ABOUT THE BOOK
Plenty has been written about Patti Smith and Robert Mapplethorpe, two of the more celebrated artists to emerge from the vibrant New York artistic circles of the ‘70s. Now Smith shares her story - or at least part of it - in her own words, with Just Kids, winner of the National Book Award for Nonfiction.
Smith’s Just Kids tells the tumultuous story of their romance, artistic self-discovery and eventual commercial success. Like all great autobiographies, her story is strewn with anecdotal snapshots and inner observations that would have been beyond the grasp of even the most dedicated biographer. It’s an intimate, tender account that, as the title suggests, sticks mostly to the duo’s formative years.
In telling her own story, Smith also pulls back the lens to capture some of the energy of the era, a golden age ruled by icons like Andy Warhol (a major source of fascination for the young Mapplethorpe), Bob Dylan, and Lou Reed. Many of the main settings in the book - the Chelsea Hotel, Max’s Kansas City, CBGB - have become places of lore.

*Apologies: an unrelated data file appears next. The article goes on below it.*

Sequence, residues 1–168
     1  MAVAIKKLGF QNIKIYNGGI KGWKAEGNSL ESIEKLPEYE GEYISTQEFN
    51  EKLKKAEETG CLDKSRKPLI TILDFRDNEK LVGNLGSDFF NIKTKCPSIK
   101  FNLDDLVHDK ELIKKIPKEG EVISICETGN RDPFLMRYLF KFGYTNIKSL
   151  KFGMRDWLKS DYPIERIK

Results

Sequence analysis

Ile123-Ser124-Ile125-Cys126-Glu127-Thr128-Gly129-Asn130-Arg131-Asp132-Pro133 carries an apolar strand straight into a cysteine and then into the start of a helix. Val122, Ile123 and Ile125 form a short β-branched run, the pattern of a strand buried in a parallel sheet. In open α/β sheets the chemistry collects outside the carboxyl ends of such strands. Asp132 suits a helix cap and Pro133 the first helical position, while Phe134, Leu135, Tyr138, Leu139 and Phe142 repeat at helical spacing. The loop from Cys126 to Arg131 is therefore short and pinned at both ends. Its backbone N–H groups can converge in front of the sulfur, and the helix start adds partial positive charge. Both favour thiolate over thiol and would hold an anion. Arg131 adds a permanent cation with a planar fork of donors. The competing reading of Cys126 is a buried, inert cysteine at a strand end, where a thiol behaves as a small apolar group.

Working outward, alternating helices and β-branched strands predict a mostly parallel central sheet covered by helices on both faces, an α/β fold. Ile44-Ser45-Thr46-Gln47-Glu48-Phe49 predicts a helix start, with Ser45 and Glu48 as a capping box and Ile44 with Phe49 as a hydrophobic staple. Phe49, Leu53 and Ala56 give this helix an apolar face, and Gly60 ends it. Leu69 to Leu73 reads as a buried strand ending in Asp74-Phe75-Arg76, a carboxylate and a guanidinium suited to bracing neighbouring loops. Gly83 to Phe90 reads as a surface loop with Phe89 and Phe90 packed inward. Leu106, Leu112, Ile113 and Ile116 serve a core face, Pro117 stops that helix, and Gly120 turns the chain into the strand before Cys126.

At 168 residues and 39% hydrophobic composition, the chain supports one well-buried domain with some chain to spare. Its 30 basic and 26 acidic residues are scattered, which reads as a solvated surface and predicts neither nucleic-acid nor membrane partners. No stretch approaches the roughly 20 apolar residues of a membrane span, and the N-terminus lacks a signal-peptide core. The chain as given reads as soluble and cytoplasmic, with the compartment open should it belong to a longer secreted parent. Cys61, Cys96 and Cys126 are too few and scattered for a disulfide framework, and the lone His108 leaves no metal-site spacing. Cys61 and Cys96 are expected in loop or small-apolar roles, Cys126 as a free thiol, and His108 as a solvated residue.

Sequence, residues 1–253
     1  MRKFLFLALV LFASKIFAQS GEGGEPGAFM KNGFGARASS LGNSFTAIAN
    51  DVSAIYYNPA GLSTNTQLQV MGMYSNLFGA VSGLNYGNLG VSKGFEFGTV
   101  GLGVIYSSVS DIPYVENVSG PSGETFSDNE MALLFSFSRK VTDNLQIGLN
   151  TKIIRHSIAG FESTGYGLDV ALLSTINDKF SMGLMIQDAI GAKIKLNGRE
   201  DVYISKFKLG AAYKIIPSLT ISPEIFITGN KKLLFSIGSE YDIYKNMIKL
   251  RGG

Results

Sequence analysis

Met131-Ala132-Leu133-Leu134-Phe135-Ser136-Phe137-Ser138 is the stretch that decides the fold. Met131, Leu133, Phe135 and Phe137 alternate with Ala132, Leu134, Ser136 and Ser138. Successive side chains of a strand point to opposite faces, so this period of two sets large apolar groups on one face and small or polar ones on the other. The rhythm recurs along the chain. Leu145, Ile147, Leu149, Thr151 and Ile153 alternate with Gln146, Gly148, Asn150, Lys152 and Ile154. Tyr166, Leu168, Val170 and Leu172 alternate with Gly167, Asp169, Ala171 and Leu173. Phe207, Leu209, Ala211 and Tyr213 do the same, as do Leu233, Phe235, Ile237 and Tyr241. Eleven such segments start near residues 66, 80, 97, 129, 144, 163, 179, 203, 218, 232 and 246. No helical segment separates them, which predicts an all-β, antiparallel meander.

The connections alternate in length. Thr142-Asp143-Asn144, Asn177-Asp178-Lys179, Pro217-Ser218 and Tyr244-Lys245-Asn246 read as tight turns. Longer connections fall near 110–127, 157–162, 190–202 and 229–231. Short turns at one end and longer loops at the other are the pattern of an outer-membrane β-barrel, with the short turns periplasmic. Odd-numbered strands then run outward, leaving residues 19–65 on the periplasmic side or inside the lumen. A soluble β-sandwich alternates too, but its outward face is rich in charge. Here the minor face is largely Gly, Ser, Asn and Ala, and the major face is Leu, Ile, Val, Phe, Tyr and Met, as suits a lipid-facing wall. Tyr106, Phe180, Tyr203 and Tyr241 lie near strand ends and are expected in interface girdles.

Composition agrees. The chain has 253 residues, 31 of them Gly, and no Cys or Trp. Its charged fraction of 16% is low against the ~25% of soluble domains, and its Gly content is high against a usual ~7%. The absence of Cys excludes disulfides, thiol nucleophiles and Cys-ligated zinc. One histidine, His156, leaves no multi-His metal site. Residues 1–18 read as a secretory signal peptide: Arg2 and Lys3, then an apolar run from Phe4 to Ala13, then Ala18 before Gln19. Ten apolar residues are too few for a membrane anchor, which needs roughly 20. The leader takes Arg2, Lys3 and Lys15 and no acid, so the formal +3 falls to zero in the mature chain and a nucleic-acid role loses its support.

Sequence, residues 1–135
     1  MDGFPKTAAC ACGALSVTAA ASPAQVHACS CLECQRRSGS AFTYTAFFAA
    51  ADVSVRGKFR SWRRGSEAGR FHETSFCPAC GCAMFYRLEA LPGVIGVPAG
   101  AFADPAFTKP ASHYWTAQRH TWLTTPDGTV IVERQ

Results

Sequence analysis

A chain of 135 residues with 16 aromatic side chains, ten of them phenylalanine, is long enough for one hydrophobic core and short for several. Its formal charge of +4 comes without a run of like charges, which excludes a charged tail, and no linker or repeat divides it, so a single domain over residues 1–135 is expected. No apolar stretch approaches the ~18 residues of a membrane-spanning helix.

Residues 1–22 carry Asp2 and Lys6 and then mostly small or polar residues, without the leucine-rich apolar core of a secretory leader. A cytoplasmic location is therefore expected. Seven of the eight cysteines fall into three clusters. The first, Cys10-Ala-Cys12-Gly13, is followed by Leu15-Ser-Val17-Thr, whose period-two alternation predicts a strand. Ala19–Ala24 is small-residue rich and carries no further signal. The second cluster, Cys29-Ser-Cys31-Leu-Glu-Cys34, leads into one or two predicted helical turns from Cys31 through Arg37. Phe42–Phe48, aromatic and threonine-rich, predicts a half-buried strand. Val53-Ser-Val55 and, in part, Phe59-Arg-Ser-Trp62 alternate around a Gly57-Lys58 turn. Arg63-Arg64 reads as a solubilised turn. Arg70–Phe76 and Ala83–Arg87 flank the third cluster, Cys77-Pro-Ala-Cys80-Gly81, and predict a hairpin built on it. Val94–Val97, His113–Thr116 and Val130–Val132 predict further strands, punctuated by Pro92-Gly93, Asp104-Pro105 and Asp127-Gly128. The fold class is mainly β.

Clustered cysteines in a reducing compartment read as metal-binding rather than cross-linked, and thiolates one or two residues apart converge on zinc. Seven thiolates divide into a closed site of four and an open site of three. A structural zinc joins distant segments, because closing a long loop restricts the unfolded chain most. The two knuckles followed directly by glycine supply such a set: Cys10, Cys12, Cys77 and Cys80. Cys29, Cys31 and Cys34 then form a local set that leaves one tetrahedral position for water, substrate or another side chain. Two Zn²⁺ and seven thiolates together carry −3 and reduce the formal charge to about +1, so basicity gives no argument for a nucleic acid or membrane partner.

MEET THE AUTHOR
Adam McKibbin's work has appeared in a wide variety of magazines and websites, including The Nation, the Chicago Tribune, AlterNet, Paste and Punk Planet. He's worked in web editorial and social media management for years, and is a seasoned interviewer whose favorite subjects include David Lynch, Tori Amos and human rights journalist Mac McClelland. He studied creative writing at the University of Wisconsin and received the Award for Academic Excellence for his collected fiction. He's currently working on his first nonfiction book. Adam lives in Los Angeles with his wife and daughter, and can be found on Twitter at @TheRedAlert.
EXCERPT FROM THE BOOK
Just Kids begins with Patti Smith as an actual kid; she was a sickly child, getting herself through the day by losing herself in stacks of books and imagining herself walking in the footsteps of heroes like Rimbaud and Bob Dylan. At the earliest opportunity, she sets out for New York City with barely a dollar in her hand and nary a job prospect. Shortly thereafter, she meets a striking and self-assured young artist named Robert Mapplethorpe.
Smith and Mapplethorpe become fast friends, then lovers, roommates and mutual muses. The early stretch of Just Kids documents a time when money was scarce but inspiration was abundant.
Smith worked on her poetry while Mapplethorpe explored increasingly dark and sexualized themes in his collage art; they set out with fame and fortune squarely on their minds, but hadn’t yet found their mediums of choice. In each case, they found their calling (Smith in music, Mapplethorpe in photography) with the help of pestering from the other.
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